Well, I think, our -- the answer in our responses along the lines of existing capacity not new construction and as we said in our presentation we do have approximately 3,000 beds that are available and could be easily provided and quickly, so in meeting their needs and all these beds need the ICE detention standards and it would very unusual for governments to have such beds quickly available or be able to meet the ICE detention standards. So we think the logical path for ICE will be to look towards the private sector for these beds, which may be for short-term and may be longer term. I don’t think anybody knows the answer to that as yet.
Okay. And then, I wanted to ask you a question about your recent BOP contract renewal, as we think about, may be the tension between the BOP’s own needs and the memo in discussion that initiated in mid-August, does that the framework of that contract seem like a template to you that could be replicated as other contracts come up for renewal? Thank you.
There are characteristics that, at that facility that are similar at our other facilities certainly and I would start with the knowledge that that particular facility is received very high exemplary performance ratings and those are conducted by teams of subject matter experts who come annually and review various areas of the facilities from medical, housing, different types of security services. So, overall that facility has done very well on a performance basis and we know that was one of the concerns by the DOJ. But all of our facilities as we said are outstanding with regard to performance.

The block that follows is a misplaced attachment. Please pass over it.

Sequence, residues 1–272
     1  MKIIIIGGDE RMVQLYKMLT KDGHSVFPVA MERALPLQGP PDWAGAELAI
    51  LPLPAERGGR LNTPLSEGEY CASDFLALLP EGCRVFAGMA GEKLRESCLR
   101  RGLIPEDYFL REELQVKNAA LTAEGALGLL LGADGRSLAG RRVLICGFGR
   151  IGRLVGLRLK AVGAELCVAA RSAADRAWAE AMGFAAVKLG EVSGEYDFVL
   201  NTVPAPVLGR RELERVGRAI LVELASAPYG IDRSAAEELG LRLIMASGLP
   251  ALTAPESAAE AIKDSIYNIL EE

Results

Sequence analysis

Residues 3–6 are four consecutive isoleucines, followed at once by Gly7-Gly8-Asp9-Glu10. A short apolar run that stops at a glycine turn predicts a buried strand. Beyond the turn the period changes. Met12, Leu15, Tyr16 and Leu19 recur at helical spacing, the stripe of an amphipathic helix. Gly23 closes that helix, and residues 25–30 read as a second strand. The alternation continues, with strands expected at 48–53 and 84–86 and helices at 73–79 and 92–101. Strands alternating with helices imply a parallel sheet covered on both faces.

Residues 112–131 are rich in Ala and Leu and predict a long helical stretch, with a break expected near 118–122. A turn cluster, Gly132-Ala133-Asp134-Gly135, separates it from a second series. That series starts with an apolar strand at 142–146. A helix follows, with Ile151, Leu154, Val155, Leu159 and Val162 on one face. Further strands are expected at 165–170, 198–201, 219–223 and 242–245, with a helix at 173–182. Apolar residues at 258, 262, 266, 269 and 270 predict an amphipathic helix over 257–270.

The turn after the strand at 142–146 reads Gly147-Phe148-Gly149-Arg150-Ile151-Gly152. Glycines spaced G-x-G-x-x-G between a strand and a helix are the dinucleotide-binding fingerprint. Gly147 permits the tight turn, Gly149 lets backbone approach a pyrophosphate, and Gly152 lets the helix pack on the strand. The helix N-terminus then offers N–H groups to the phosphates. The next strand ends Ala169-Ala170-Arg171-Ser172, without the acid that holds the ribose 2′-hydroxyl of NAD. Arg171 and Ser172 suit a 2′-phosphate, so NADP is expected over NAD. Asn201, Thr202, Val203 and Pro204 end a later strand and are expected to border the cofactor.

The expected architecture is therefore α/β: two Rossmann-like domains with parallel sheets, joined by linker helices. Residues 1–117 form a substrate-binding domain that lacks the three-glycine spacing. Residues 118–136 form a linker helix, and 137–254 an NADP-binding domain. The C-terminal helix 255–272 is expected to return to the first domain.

There was a cut down on some of the beds that were needed, so instead of full 2,500 beds, the bed capacity under the contract was reduced to approximately 1,900. But there was an opportunity to negotiate reasonable financial provisions to provide for those for reduction of those incremental beds based on an incremental cost reduction.
Thank you for that color. And then, George, just wanted to see if you could comment and give us an update on the private conversations that you’re having a direct dialogues, just in terms of the volume and intensity, could you compare that to six months or a year ago, particularly on the real estate opportunities? Thank you.
What is the question?
Just compare the volume of the conversations and the relative intensity that you are having now versus six month or 12 months ago.